The University of Texas at Austin   School of Law

Main menu:

UT Law School Classes - Spring 2013

Federal Courts

Instructor: Sager, L Credits: 4 Course ID: 486 Unique #29435
     Day    Time   Location
   Monday 3:45 pm - 5:35 pm TNH 3.124
   Wednesday 3:45 pm - 5:35 pm TNH 3.124
Exam Type    Test Date Time      Name Range Regular Room Extegrity Room
  Floating
Registration Information
This course is restricted to upper division students only.

Description
In this course, we take a hard look at some major structural features of the American legal system, with inevitable spill-over into features of law in modern democratic states more generally.  We will be concerned with both doctrine and the conceptual underpinnings of doctrine.  Our topics will likely include:  Marbury and justiciability; the special case of the political question doctrine and the adjuncts of judicial deference and underenforcement; congressional control of jurisdiction; multi-judge courts, modern Supreme Court practice, and the doctrinal paradox; the 11th Amendment; civil rights jurisdiction; the interaction of state and federal courts and state and federal official conduct more generally; abstention; and habeas corpus.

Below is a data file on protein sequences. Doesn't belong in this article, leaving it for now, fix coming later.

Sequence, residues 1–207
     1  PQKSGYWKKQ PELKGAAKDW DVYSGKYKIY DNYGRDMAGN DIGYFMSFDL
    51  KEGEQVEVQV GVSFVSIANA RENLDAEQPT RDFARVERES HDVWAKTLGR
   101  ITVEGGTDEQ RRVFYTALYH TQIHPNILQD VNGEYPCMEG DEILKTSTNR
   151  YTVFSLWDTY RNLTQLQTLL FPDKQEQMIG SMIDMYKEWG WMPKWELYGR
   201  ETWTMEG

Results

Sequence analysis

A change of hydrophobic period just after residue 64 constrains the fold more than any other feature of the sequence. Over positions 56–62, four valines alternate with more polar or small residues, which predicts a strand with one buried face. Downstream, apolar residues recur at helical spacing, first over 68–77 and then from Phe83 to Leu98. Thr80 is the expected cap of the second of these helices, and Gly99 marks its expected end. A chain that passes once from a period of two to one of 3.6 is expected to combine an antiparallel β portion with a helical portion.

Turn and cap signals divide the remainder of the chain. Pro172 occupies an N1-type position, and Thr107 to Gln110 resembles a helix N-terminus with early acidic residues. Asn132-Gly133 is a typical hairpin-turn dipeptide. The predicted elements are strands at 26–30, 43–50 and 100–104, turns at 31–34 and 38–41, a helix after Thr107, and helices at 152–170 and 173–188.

The course will provide a valuable foundation for anyone who plans to clerk in either the federal judicial system or in the courts of a state, and for anyone whose professional plans will include or touch upon modern litigation.  But beyond that, it aims to offer interested students a sophisticated look at the adjudicatory bones of our legal system.

Ideas and arguments are what matter most; as a result, classroom exchange is a central element of the course, and participation will inflect grades.  The examination will be a floating exam, designed in the hope that it will actually be interesting.

Related Course Areas